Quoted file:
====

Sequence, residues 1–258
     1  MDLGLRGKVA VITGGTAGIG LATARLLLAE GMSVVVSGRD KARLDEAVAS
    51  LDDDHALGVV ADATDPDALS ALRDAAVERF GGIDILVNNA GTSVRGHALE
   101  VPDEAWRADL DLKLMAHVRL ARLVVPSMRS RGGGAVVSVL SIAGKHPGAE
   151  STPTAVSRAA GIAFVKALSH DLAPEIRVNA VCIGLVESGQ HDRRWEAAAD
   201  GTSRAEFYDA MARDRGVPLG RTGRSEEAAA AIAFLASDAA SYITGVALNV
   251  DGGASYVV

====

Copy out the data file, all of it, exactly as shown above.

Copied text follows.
Sequence, residues 1–258
     1  MDLGLRGKVA VITGGTAGIG LATARLLLAE GMSVVVSGRD KARLDEAVAS
    51  LDDDHALGVV ADATDPDALS ALRDAAVERF GGIDILVNNA GTSVRGHALE
   101  VPDEAWRADL DLKLMAHVRL ARLVVPSMRS RGGGAVVSVL SIAGKHPGAE
   151  STPTAVSRAA GIAFVKALSH DLAPEIRVNA VCIGLVESGQ HDRRWEAAAD
   201  GTSRAEFYDA MARDRGVPLG RTGRSEEAAA AIAFLASDAA SYITGVALNV
   251  DGGASYVV